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Format timedelta to string


Question

I'm having trouble formatting a datetime.timedelta object.

Here's what I'm trying to do: I have a list of objects and one of the members of the class of the object is a timedelta object that shows the duration of an event. I would like to display that duration in the format of hours:minutes.

I have tried a variety of methods for doing this and I'm having difficulty. My current approach is to add methods to the class for my objects that return hours and minutes. I can get the hours by dividing the timedelta.seconds by 3600 and rounding it. I'm having trouble with getting the remainder seconds and converting that to minutes.

By the way, I'm using Google AppEngine with Django Templates for presentation.

2020/02/28
1
292
2/28/2020 4:24:03 PM

Accepted Answer

Thanks everyone for your help. I took many of your ideas and put them together, let me know what you think.

I added two methods to the class like this:

def hours(self):
    retval = ""
    if self.totalTime:
        hoursfloat = self.totalTime.seconds / 3600
        retval = round(hoursfloat)
    return retval

def minutes(self):
    retval = ""
    if self.totalTime:
        minutesfloat = self.totalTime.seconds / 60
        hoursAsMinutes = self.hours() * 60
        retval = round(minutesfloat - hoursAsMinutes)
    return retval

In my django I used this (sum is the object and it is in a dictionary):

<td>{{ sum.0 }}</td>    
<td>{{ sum.1.hours|stringformat:"d" }}:{{ sum.1.minutes|stringformat:"#02.0d" }}</td>
2009/02/11
-10
2/11/2009 9:11:26 PM


As you know, you can get the total_seconds from a timedelta object by accessing the .seconds attribute.

Python provides the builtin function divmod() which allows for:

s = 13420
hours, remainder = divmod(s, 3600)
minutes, seconds = divmod(remainder, 60)
print '{:02}:{:02}:{:02}'.format(int(hours), int(minutes), int(seconds))
# result: 03:43:40

or you can convert to hours and remainder by using a combination of modulo and subtraction:

# arbitrary number of seconds
s = 13420
# hours
hours = s // 3600 
# remaining seconds
s = s - (hours * 3600)
# minutes
minutes = s // 60
# remaining seconds
seconds = s - (minutes * 60)
# total time
print '{:02}:{:02}:{:02}'.format(int(hours), int(minutes), int(seconds))
# result: 03:43:40
2018/12/12

>>> str(datetime.timedelta(hours=10.56))
10:33:36

>>> td = datetime.timedelta(hours=10.505) # any timedelta object
>>> ':'.join(str(td).split(':')[:2])
10:30

Passing the timedelta object to the str() function calls the same formatting code used if we simply type print td. Since you don't want the seconds, we can split the string by colons (3 parts) and put it back together with only the first 2 parts.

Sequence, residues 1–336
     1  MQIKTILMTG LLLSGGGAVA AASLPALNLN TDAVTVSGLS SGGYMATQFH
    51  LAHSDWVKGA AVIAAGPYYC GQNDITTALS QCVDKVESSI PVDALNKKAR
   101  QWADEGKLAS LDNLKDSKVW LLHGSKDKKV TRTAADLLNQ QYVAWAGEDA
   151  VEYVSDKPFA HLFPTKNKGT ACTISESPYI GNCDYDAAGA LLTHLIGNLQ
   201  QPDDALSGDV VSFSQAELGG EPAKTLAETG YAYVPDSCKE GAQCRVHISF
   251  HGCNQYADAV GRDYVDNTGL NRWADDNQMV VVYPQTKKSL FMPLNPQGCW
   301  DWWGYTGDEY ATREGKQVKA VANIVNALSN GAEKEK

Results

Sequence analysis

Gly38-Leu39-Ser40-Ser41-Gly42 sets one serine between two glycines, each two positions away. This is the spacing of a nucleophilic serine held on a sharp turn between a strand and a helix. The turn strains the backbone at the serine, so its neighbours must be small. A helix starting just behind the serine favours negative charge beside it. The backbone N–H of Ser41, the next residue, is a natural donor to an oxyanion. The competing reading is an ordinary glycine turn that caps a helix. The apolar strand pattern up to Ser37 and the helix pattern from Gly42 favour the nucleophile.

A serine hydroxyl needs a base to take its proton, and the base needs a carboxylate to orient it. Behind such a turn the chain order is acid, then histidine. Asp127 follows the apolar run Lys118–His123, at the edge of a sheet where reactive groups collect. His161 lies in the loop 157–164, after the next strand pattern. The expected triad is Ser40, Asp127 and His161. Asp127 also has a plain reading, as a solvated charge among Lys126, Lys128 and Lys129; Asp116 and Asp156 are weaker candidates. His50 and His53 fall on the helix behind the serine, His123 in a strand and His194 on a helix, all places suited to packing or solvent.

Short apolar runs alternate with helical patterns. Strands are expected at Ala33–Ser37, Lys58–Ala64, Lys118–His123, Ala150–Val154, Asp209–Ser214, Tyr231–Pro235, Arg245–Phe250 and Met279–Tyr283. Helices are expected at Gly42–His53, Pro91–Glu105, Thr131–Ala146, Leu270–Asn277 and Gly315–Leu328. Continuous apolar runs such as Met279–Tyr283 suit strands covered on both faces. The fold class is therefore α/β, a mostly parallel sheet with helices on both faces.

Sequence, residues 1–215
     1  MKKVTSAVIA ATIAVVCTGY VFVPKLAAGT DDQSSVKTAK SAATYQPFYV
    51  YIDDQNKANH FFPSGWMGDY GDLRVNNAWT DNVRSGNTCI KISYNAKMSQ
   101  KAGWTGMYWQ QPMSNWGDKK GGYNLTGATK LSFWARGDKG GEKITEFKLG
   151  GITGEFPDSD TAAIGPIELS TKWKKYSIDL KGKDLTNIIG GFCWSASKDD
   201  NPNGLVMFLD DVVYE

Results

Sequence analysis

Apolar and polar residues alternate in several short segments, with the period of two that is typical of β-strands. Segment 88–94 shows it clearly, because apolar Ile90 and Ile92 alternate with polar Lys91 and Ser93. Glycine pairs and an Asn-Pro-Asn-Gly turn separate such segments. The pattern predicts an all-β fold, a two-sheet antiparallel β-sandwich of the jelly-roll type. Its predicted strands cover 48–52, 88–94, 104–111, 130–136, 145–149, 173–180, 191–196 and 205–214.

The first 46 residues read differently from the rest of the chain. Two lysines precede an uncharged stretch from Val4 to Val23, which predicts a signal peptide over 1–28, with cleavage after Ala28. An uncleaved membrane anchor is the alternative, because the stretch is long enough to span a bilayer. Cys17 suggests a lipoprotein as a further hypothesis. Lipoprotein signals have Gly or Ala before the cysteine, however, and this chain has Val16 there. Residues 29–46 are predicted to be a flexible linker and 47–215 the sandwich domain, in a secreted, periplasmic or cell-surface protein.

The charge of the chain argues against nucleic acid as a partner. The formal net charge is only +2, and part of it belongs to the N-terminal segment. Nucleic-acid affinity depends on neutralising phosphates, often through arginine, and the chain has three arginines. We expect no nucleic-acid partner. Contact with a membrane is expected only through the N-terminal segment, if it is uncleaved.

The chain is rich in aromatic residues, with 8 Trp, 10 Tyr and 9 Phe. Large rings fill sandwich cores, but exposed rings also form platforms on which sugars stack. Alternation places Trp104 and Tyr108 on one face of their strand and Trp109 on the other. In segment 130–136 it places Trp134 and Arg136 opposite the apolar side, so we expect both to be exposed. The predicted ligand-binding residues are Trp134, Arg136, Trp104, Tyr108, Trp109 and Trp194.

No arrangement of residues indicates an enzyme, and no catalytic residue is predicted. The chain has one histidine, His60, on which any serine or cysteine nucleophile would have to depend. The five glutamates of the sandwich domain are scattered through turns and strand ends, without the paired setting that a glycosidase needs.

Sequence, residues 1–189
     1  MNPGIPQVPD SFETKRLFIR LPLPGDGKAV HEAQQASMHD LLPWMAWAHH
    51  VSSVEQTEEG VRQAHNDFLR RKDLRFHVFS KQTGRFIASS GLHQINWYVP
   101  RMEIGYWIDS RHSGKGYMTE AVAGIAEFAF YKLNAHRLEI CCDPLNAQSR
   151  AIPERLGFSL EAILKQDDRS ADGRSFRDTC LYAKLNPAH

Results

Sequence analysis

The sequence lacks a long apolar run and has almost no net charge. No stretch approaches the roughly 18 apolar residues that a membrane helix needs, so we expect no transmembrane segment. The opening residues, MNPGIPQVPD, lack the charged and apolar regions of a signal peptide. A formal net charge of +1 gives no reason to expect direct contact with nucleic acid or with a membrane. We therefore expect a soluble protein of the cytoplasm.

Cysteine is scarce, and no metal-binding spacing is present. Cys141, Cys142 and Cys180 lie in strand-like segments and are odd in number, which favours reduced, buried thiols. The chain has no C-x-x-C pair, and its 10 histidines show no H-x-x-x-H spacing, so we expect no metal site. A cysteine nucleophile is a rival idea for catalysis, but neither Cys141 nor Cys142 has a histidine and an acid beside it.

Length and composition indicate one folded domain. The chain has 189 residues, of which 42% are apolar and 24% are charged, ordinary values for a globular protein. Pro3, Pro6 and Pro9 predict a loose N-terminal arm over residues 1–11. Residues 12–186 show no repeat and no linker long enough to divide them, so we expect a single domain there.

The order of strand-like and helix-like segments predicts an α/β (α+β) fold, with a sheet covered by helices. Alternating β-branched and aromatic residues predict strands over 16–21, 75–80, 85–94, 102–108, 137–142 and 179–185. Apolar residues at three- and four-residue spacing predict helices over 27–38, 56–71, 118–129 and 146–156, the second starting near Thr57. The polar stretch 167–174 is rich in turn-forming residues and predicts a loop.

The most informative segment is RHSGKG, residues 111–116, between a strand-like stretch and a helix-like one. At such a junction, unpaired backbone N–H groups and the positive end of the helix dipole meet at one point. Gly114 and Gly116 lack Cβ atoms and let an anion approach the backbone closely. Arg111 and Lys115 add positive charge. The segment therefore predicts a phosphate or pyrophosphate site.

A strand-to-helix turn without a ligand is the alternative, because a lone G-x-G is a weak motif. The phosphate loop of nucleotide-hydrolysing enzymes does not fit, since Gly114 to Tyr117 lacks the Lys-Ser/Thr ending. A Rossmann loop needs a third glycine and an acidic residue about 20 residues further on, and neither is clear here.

2009/02/11

def td_format(td_object):
    seconds = int(td_object.total_seconds())
    periods = [
        ('year',        60*60*24*365),
        ('month',       60*60*24*30),
        ('day',         60*60*24),
        ('hour',        60*60),
        ('minute',      60),
        ('second',      1)
    ]

    strings=[]
    for period_name, period_seconds in periods:
        if seconds > period_seconds:
            period_value , seconds = divmod(seconds, period_seconds)
            has_s = 's' if period_value > 1 else ''
            strings.append("%s %s%s" % (period_value, period_name, has_s))

    return ", ".join(strings)
2018/03/03

I personally use the humanize library for this:

>>> import datetime
>>> humanize.naturalday(datetime.datetime.now())
'today'
>>> humanize.naturalday(datetime.datetime.now() - datetime.timedelta(days=1))
'yesterday'
>>> humanize.naturalday(datetime.date(2007, 6, 5))
'Jun 05'
>>> humanize.naturaldate(datetime.date(2007, 6, 5))
'Jun 05 2007'
>>> humanize.naturaltime(datetime.datetime.now() - datetime.timedelta(seconds=1))
'a second ago'
>>> humanize.naturaltime(datetime.datetime.now() - datetime.timedelta(seconds=3600))
'an hour ago'

Of course, it doesn't give you exactly the answer you were looking for (which is, indeed, str(timeA - timeB), but I have found that once you go beyond a few hours, the display becomes quickly unreadable. humanize has support for much larger values that are human-readable, and is also well localized.

It's inspired by Django's contrib.humanize module, apparently, so since you are using Django, you should probably use that.

2017/01/31

He already has a timedelta object so why not use its built-in method total_seconds() to convert it to seconds, then use divmod() to get hours and minutes?

hours, remainder = divmod(myTimeDelta.total_seconds(), 3600)
minutes, seconds = divmod(remainder, 60)

# Formatted only for hours and minutes as requested
print '%s:%s' % (hours, minutes)

This works regardless if the time delta has even days or years.

2017/01/29

Source: https://stackoverflow.com/questions/538666
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